In recent years, great attention, both in research and application fields, has been focused on the transition from centralized to decentralized (or Distributed Generation, DG) energy “production” systems. This process is currently being carried out partially. The benefits and drawbacks that DG will provide to the end-user and to the community have also been analyzed in both technical and scientific literature. All over the world researchers are strongly involved in the so-called “hydrogen economy” scenario that expects a geographically widespread system of production, storage, transportation and use of hydrogen. Furthermore, the actual industrial trend towards the miniaturization of the energy conversion equipment, due mainly to reducing manufacturing costs, results in the availability of a wide variety ofsmall scale power, refrigeration and heat pump systems in the market. Very soon, small, micro and nano mechanical and thermal devices will be used in actual applications. In many sectors, small scale energy conversion plants (Polygeneration, Trigeneration, Combined Cooling Heating and Power) allow for the satisfaction of different energy requirements (electricity,cooling and heating) with a great potential for primary energy saving and greenhouse gas emission reduction. The “core” of these technologies is a prime mover based on different technologies (Stirling, Reciprocating Internal Combustion, Fuel Cell, Gas Turbine, .), specially designed to operate in stationary conditions for a long time. This operation is accompanied by high efficiency output and very low pollutant emissions with regards to the reference separate “production” by large thermal power stations. At the moment, the most common technology, the gas-fired Reciprocating Internal Combustion (RIC) engine, has very good features e.g. in terms of installation space, thermal efficiency, low noise and vibration and maintenance. These engines can drive electric generators and/or electric heat pumps, absorption heat pumps and so on in different ways (mechanically, electrically and thermally), thereby allowing a wide range of operating conditions tomatch thermal (heating and cooling) and electric end-user requirements. The aim of this paper is to study the Energy, Economic and Environmental implications (3-E analysis) of using these complex small scale trigeneration energy conversion systems, starting with the results ofan intensive theoretical and experimental research activity. In particular these systems, in comparison with conventional system, based on separate energy production, can guarantee a primary energy saving up to 28% and a reduction of equivalent CO2 emissions up to 36% when the trigeneration system is based on a small scale cogeneration system (Micro Combined Heat and Power, MCHP) coupled to a Heat Pump (HP). Satisfactory results can be achieved considering a cogeneration system which interacts with an Electric Heat Pump (EHP). On the contrary, small scale trigeneration systems based on Thermally activated Heat Pump (THP) show low efficiency, with respect to conventional systems. This is due to the low COP of small scale cooling devices which is the reason why these systems require further improvementsto be able to compete with traditional one.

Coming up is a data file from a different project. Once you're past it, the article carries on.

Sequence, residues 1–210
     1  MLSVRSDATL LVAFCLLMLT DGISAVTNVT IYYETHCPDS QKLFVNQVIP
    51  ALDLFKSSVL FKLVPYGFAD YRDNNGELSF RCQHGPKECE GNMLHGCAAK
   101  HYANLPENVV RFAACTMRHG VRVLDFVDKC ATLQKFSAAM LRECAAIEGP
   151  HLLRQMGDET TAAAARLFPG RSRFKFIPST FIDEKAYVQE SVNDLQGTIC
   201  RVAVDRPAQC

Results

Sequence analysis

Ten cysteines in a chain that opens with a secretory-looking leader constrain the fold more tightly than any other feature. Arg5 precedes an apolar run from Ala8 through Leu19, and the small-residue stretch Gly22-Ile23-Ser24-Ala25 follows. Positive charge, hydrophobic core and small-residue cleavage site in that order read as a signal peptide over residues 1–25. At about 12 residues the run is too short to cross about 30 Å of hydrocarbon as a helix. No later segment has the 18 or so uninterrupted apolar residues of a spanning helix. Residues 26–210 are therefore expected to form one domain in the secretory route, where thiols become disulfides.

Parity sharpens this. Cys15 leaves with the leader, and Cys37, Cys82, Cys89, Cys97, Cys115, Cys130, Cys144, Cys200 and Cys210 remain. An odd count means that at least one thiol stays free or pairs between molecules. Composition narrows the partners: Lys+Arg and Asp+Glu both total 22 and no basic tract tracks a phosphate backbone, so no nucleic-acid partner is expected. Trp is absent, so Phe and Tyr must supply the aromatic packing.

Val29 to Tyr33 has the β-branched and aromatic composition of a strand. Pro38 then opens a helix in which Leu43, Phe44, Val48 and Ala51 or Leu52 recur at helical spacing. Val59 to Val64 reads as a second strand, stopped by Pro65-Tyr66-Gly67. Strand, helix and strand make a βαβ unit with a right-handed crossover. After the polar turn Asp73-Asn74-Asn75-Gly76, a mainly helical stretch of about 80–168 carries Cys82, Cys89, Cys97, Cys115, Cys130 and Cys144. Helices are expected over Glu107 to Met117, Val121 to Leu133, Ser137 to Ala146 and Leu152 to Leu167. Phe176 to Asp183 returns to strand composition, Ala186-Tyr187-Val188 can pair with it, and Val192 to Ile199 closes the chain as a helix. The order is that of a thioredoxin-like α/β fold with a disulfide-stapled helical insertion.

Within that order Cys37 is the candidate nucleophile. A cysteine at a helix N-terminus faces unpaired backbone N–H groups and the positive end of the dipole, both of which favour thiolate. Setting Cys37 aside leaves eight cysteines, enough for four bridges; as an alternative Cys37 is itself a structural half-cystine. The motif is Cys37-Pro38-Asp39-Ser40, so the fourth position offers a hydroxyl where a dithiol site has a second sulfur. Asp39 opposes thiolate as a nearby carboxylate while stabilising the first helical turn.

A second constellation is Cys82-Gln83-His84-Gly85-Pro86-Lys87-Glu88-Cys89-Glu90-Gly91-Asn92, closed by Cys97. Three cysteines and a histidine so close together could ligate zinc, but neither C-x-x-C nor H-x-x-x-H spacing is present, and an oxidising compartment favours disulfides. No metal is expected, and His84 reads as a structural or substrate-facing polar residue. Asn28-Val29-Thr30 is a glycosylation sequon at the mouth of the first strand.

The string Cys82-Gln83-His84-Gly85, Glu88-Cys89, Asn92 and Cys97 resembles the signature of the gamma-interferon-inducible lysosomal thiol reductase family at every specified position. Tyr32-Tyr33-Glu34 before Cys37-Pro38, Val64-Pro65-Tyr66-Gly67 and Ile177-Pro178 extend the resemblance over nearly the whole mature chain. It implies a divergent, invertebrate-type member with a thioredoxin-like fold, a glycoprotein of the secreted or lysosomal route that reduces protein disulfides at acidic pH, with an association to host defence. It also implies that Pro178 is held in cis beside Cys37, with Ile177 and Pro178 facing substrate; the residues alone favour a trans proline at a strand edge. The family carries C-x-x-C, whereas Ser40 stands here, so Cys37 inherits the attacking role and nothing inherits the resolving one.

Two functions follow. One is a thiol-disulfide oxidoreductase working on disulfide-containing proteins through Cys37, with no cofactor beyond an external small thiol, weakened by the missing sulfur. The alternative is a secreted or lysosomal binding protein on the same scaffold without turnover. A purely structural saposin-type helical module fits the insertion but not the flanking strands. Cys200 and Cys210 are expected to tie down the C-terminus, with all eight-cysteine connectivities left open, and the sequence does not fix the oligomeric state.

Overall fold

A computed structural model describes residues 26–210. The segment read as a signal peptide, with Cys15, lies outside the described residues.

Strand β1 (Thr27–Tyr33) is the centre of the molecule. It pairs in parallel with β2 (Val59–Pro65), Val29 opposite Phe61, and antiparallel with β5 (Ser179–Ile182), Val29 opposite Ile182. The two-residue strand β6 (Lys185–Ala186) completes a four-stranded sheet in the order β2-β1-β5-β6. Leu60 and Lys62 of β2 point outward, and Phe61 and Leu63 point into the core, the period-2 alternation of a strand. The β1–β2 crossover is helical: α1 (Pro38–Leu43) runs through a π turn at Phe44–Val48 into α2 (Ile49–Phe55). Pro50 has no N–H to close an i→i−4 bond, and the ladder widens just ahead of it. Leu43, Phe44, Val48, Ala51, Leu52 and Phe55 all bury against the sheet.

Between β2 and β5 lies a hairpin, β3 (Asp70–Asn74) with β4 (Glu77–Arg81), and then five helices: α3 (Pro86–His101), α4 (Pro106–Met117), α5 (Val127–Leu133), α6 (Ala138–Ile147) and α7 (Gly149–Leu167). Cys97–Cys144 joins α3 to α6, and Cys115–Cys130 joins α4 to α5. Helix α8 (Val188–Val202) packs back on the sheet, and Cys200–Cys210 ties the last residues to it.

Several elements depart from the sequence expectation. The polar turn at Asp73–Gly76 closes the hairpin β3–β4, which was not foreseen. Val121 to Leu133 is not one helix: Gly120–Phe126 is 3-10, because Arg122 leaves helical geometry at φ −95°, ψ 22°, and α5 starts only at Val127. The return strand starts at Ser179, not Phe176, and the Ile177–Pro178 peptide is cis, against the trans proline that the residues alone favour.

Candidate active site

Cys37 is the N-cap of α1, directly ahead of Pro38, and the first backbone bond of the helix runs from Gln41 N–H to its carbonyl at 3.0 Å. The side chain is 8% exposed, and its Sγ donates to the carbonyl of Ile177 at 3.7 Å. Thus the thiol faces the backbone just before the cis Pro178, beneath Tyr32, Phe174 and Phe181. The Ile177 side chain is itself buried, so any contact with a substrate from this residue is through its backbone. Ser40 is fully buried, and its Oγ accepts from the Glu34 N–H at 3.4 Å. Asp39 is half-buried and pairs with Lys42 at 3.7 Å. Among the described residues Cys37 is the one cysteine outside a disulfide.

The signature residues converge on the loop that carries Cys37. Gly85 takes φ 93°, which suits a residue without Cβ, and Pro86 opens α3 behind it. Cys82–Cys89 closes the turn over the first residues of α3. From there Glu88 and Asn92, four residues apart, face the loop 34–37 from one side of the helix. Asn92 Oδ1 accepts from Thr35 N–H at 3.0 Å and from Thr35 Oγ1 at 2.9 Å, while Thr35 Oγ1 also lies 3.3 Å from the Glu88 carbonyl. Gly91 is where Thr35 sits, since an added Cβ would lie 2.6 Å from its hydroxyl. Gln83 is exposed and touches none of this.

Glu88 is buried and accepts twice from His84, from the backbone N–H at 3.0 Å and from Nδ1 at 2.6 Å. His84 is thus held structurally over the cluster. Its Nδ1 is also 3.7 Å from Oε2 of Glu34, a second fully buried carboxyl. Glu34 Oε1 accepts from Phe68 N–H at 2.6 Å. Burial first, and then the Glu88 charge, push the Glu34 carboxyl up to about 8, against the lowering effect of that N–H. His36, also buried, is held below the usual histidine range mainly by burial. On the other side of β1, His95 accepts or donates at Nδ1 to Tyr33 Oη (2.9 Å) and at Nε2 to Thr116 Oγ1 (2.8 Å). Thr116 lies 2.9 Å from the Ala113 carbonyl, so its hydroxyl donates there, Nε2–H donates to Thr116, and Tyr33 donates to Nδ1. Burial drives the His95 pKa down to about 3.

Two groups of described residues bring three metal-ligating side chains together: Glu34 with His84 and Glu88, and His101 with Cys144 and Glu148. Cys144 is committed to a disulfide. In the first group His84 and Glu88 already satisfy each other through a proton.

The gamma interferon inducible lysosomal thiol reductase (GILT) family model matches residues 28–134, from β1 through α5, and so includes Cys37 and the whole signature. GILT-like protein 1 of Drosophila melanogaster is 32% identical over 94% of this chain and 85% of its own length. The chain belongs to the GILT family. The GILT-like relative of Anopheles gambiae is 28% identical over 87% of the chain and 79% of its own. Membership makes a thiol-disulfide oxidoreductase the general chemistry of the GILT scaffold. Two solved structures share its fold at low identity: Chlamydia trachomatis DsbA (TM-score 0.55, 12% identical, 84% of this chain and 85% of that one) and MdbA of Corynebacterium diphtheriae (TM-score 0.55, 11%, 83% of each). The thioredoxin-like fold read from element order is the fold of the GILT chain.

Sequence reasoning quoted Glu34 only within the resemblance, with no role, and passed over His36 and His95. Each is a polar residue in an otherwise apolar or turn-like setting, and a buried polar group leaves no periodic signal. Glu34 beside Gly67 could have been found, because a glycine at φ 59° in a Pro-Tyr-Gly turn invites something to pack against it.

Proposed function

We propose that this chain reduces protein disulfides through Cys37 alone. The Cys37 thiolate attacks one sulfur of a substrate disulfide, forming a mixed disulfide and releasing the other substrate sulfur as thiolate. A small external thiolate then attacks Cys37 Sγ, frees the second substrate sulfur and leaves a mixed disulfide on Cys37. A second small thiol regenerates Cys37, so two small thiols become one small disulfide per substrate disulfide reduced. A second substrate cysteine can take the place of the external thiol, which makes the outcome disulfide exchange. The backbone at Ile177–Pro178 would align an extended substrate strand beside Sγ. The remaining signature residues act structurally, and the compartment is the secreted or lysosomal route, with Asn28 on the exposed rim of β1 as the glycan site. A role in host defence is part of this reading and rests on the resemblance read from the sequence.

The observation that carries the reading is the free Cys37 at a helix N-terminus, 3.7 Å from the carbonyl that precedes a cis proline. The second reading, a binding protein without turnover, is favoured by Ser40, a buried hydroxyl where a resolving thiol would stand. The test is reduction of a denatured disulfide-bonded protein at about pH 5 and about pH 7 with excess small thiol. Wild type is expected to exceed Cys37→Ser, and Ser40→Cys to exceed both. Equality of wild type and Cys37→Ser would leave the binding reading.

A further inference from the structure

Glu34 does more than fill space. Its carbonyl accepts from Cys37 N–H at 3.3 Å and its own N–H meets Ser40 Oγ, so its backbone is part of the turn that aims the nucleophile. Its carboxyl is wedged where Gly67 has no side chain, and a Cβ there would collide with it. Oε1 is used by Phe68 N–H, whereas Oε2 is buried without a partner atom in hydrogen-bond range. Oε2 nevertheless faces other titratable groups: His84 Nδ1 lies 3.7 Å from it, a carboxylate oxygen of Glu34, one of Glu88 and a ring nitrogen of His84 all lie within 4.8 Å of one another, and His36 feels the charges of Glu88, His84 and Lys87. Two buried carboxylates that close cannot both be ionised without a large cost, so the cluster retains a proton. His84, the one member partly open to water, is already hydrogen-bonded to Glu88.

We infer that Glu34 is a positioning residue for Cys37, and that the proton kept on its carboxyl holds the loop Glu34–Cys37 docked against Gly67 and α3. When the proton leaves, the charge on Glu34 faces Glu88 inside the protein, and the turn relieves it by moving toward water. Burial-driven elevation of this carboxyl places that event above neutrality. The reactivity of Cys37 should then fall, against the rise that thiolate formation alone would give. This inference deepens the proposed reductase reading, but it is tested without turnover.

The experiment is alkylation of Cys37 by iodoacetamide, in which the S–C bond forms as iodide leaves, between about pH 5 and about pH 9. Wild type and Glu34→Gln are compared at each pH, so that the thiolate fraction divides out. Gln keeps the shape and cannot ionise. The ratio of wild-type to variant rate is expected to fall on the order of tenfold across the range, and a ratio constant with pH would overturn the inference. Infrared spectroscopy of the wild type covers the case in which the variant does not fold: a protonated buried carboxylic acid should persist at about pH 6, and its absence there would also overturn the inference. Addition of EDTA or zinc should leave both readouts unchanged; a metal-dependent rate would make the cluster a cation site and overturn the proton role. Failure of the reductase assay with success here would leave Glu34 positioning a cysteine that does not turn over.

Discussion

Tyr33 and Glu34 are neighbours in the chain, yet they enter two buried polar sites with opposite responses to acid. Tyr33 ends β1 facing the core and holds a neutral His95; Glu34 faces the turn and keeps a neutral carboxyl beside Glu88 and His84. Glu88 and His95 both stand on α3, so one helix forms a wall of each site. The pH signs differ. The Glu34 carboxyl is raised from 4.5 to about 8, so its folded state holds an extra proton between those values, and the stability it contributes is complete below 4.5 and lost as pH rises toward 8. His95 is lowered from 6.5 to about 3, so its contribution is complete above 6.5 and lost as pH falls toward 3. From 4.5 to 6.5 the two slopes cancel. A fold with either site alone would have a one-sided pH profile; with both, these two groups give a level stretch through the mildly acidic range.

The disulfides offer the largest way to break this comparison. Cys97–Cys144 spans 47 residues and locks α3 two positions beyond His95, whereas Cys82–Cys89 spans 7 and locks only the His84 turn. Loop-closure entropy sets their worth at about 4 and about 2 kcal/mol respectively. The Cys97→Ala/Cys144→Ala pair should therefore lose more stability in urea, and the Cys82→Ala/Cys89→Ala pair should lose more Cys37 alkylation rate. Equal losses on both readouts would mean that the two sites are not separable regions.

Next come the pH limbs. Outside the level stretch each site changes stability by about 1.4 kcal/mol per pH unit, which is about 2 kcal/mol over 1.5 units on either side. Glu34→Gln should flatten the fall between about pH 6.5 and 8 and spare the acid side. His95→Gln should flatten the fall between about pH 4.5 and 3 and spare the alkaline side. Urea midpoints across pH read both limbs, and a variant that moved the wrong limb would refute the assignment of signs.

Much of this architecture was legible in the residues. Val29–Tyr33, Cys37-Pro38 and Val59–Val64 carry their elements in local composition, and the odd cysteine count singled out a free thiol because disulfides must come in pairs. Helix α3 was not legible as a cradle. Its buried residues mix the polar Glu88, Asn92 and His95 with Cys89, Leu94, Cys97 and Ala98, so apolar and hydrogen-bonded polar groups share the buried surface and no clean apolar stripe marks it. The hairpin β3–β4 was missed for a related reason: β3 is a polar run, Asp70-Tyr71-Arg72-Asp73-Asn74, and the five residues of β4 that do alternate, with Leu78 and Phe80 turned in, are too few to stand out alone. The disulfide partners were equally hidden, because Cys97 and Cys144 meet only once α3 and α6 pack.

Microtrigeneration; Decentralized Trigeneration; MCCHP; Energy saving
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Utilizza questo identificativo per citare o creare un link a questo documento: https://hdl.handle.net/20.500.12070/1377